Your Gateway to Music and More from a Christian Perspective
Slow down as you approach the gate, and have your change ready....
Label: Secretly Canadian
Time: 11 tracks/42:17
A long time ago in a land far, far away, there was a young man named Daniel Smith. He had a vision of music, staging, and costuming which would combine to demonstrate the importance of his faith and family to who he was. He titled his thesis A Prayer For Every Hour and created a strange yet powerful 24-track debut album.
That first album is perhaps the right place to start when discussing Smith's latest production. For this is the first album since that initial album to bear the sole name "Danielson" on the spine. But unlike his debut disc from eleven years ago, this newest album is much more musically polished, much more listenable, than that first effort was.
For those of you who are not familiar with Danielson, a word of explanation is in order. Danielson is an ever-shifting group of individuals who play strangely structured, off-kilter, (sometimes off-tune!) deeply Christian music. Instrumentation consists of various things--guitar, bass, banjo, bells, piano, drums, handclaps, and such. There are three distinct groups within the Danielson universe, as explored on the Tri-Danielson double album. There is Brother Danielson, the Danielson Famile, and Danielsonship. Of these three, Brother Danielson is the most folksy, essentially a solo act with backing artists (for live shows, this version generally involves Smith inside a 9-foot papier maché tree); Danielson Famile is, as the name suggests, Daniel Smith and his extended family making music; and Danielsonship has somewhat of an arena/prog rock ethos, consisting of the Famile plus a host of other musicians.
It is also worth noting that
either you 'get' Danielson's music or you don't. Perhaps the best way of
getting a feel of this particular album is by listening to the first single
from the album, "Did I Step on your Trumpet?" which Secretly Canadian has
made available as an mp3 here:
Daniel Smith's voice is not nearly as forced on this album as it has been in the past. He sounds more relaxed, vocally. The playing is tight and tightly orchestrated. It struck me, listening to this album, that this is perhaps the best arranged and produced album for Danielson in its various incarnations. In my opinion, the only album which it is comparable to is Tell Another Joke At the Ol' Choppin' Block, which, until this album, was my favorite of the Danielson releases. Smith's work as producer for other groups and artists such as Soul-Junk and Sufjan Stevens has resulted in more structure and tunefulness in this most recent project.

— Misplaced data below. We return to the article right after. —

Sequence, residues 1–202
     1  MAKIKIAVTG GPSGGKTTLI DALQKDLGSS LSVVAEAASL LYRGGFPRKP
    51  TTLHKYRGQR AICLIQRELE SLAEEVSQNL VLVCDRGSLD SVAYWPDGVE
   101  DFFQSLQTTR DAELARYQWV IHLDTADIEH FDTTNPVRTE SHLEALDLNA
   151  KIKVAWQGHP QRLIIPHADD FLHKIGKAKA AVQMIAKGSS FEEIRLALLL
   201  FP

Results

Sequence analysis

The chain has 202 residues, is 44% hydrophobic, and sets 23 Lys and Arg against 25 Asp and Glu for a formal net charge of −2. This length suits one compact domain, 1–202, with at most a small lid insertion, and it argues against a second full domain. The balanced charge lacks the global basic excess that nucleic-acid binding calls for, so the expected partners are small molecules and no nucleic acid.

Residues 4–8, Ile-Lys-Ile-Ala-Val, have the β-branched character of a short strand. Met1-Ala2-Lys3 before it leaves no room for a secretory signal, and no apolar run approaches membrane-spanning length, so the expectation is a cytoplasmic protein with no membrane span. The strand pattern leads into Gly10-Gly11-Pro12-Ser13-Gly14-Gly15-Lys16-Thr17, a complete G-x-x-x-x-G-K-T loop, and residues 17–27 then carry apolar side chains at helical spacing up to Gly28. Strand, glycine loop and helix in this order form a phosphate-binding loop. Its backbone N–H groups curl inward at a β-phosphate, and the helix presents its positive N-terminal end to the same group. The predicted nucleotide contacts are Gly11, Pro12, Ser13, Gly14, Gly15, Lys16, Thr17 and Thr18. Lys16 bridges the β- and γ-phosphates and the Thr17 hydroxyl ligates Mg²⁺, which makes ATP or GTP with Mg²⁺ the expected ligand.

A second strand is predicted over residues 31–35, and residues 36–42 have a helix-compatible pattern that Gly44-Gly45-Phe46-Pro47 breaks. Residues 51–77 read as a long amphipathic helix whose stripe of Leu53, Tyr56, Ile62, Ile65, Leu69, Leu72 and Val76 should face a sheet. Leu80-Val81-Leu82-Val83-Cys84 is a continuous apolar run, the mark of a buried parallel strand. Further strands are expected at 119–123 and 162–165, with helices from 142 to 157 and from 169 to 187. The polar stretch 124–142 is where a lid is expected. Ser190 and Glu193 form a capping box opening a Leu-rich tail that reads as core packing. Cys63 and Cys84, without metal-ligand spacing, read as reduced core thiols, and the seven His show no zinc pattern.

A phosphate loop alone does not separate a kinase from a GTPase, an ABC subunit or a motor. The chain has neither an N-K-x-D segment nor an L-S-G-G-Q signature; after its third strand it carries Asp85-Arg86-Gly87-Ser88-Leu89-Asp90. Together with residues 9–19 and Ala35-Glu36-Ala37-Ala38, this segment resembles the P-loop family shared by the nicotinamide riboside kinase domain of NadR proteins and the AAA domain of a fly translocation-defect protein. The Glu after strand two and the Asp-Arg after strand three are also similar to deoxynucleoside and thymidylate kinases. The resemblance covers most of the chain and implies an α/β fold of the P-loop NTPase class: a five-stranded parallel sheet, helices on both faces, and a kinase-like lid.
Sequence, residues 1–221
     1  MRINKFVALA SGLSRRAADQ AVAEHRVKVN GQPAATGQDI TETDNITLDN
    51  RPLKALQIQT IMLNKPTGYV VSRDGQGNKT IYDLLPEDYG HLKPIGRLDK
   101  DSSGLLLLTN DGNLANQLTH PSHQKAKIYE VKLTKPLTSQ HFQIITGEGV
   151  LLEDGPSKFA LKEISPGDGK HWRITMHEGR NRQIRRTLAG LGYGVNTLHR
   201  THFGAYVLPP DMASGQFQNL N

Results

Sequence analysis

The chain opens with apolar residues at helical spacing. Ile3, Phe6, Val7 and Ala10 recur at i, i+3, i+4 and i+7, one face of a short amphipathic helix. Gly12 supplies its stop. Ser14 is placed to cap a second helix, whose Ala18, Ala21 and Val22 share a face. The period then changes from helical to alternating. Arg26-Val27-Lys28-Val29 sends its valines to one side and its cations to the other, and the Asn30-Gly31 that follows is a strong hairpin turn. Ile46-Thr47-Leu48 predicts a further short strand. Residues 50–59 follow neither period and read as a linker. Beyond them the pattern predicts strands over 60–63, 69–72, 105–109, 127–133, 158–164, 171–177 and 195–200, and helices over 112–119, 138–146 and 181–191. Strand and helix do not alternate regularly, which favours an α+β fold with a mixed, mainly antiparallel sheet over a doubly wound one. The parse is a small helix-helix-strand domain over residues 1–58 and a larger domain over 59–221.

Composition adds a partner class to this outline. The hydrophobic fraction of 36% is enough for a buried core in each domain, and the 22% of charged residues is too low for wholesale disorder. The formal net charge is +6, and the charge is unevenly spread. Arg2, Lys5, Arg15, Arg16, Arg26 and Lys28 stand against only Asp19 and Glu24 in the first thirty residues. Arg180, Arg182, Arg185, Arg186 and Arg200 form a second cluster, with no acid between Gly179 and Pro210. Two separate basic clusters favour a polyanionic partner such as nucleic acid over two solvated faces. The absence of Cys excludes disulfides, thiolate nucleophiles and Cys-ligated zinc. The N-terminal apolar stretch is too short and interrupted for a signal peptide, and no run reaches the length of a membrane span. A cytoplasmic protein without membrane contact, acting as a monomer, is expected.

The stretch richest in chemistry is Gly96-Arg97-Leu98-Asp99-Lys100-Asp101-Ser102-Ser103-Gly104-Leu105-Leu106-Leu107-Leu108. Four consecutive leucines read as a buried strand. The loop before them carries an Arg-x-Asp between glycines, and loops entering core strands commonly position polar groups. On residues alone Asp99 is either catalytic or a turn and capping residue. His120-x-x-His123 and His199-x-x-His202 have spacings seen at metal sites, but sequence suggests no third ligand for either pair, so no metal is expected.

The title here is important. Entitled Ships, it explores many of the musical relationships which have emerged over Smith's decade-long involvement in the alternative music universe. Musically, it is a Danielsonship album, with electric guitars filling in sonic spaces rarely explored in previous albums. The album even overflowed its banks, as it were, into three related 7-inch records produced by Steve Albini, Kramer and Christian Pallandino. Guest artists involved with the album include Sufjan Stevens, Deerhoof, Half-Handed Cloud, Jon from Soul-Junk, and many, many others. Ships is a celebration of the relationships which God has given Smith through his musical career. And there really is a note of celebration and thanksgiving which permeates the entire album, a sense of wonder at God's grace.
One of the more memorable tracks for me was the aforementioned single. It highlights well the interplay between Daniel Smith and his sisters, vocally. "Cast It At The Setting Sail" has possibly the most catchy tune that Smith has yet committed to tape, kind of like something Sufjan Stevens would write, only twisted about 70 degrees. Lyrically, it strikes me as a reminder that God has freed us to cast all our sins and cares on Him and they are removed, as far as east is from west--hence, the setting sail. "My Lion Sleep Tonight" is a beautiful retelling of the parable of the prodigal son. "Five Stars and Two Thumbs Up" is the closing track, a song thanking the collaborators of the album and the listeners for making it all worthwhile. THe other tracks are also very good, if not as standout as these four are.
As I said earlier, either you get Danielson or you don't. His singing style, though not as falsetto-reliant as it has been in the past, is still kind of squeaky and nasal. The tunes do go places where nice, self-respecting tunes would not go. Not every chord is resolved. Not every layer works perfectly with every other layer. There are times when it seems there are several different key signatures are coexisting in the arrangements. This album reflects very strongly the duality which every Christian has of being justified in Christ and yet still becoming the person whom God created them to be--the Romans 7 conundrum lives large in this music.
This is one of the best albums I have heard yet this year. If you like music that challenges your sensibilities yet edifies your faith, I would recommend this one. In the words of the closing track of the album, "Thank you/For setting all aside/To treat me to some time."
Treat this album to some time. If you do, I doubt very much that you'll be bored. And you might just find yourself refreshed in the wonder of God's grace.